Food is a never ending curiosity for me. It's infused with rich culture and reason and always tends to have a method or approach attached to both its preparation and presentation. Some foods have been used by cultures for thousands of years and are known for certain health-giving qualities, while others are known for the more emotional aspects. It's all very intriguing and leaves me wanting to know and try more. Such is the reason for my quest to learn more and experience more with the global cuisine scene.
A chef is part chemist, part gastronomist, adventurous and a bit of a pioneer. When looking at new ideas and innovations you've gotta take calculated risks, at times, and constantly step outside of your comfort zone to get the feel of your ingredients. As you work with numerous ingredients you begin to figure out that fine balance between how one ingredient reacts or interacts with another. You organically grow to understand the nuances of food chemistry and the art of substitution. For this cause I spend a lot of time in the kitchen 'playing' with food.
When I go to an international market there are a few things that I go in prepared with:
- An objective
- Organic questions
- An open mind
- An open eye
- A huge imagination and [when I have my druthers]
- Lots of time
I want to be able to take in the experiences and don't want to miss a thing. Easier said than done, but I try.
For me it's always to expand my knowledge and it's a multi-layered approach. The more familiar I become with a store, the help staff, the ingredients and culture, the more refined my objectives get.
My first visit usually is a total 'throw-the-spaghetti-at-the-wall-and-see-what-sticks' expedition. I go in, look around, absorb as much of the market culture, check out the isles, the staffers, and shoppers. If I'm in a Moroccan market and I see Moroccans shopping, I know chances are that they'll have the ingredients true Moroccans use in their cuisine. That's a good sign! From that point on my objective continues to evolve.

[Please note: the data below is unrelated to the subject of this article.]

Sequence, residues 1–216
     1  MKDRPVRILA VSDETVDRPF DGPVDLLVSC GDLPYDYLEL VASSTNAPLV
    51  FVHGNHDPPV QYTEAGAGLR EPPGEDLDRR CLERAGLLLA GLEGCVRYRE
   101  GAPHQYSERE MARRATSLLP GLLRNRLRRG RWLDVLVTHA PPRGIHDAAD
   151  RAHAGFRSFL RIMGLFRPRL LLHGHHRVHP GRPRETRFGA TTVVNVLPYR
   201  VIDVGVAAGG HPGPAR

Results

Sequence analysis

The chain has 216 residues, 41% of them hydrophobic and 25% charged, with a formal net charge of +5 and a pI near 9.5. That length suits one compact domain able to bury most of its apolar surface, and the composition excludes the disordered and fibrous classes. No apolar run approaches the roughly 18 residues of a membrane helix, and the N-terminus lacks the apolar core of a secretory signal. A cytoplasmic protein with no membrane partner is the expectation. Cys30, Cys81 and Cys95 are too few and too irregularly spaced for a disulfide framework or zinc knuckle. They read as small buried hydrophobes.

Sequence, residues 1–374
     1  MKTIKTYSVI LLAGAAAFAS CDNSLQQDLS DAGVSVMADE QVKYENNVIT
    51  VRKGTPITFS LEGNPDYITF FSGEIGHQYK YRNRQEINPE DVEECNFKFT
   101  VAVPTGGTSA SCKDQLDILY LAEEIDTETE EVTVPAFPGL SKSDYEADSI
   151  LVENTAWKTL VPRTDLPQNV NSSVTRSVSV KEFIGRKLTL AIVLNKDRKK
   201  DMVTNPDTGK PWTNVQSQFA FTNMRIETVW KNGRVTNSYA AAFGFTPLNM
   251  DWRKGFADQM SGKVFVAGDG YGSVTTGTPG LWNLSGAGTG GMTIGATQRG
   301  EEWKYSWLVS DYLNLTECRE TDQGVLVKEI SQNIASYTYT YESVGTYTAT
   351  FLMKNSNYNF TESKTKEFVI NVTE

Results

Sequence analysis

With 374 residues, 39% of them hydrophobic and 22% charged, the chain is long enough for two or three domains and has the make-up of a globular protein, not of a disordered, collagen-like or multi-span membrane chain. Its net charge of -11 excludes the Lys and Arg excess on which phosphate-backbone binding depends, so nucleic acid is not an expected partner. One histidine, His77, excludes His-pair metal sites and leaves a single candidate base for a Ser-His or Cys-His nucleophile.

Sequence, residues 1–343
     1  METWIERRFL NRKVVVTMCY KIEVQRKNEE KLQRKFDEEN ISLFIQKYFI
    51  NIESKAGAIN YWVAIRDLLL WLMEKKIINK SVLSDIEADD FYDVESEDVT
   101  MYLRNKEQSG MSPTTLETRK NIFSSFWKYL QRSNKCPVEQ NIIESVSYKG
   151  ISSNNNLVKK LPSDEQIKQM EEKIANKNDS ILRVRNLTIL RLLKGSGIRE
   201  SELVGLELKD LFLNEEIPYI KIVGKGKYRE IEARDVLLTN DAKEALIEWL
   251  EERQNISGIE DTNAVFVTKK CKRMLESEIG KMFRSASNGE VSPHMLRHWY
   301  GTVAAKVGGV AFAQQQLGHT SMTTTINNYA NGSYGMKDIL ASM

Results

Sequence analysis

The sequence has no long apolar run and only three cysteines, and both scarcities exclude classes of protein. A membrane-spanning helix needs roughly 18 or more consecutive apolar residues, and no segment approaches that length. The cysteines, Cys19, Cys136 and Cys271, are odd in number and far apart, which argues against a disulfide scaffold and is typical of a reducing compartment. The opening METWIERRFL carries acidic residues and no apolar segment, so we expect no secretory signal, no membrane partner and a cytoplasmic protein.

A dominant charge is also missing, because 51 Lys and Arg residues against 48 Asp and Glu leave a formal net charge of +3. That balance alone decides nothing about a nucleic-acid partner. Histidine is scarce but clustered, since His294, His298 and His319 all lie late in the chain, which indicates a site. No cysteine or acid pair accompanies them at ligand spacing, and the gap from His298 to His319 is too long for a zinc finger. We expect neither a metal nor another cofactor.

It's a great ice breaker, to get the information flowing and to establish long-term relationships and resources. Usually the folks shopping are the ones who have the best insight on how items are used. Start your conversations with them.
If I see something interesting to me I'll start asking about it: What is it?; How is it prepared?, What's it taste like?, What is it eaten with?...
Folks love to share their food and culture, and when they find that you have a genuine interest, they open up.
An open mind
Always go in with a cleared slate, treating the ingredients as if you've never seen them, and open yourself up to learning something new and unique about them.
An open eye
I like to observe what folks have in their carts/baskets to get an idea of what things go with what and how they may be used.
A huge imagination
I take color, texture, flavor, chemical reactions, solubility, and the like into consideration and go from there when I start working with a new ingredient.
Lots of time
I like to give myself as much time as possible to get a good feel of what I'm working with. Try it out and see what you can come up with when you're exploring new ingredients.
The more you know about your ingredients, the better you are able to bring out their unique qualities and benefits for you and your clients.
Although working with new ingredients is a time consuming process, it grows you in many ways and can mean the difference between a well-equipped, culinary, experiential vocabulary, a broader client base, and opportunities and a mediocre business that's struggling to stay afloat. You owe it to yourself to learn as much as you can about your ingredients from the cultures that use them most.
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